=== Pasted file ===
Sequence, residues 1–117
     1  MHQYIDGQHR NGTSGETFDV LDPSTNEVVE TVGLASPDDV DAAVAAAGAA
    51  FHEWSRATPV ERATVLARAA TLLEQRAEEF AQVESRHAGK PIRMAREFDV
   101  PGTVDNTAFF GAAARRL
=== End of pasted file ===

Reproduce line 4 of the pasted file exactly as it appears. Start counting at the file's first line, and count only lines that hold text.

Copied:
   101  PGTVDNTAFF GAAARRL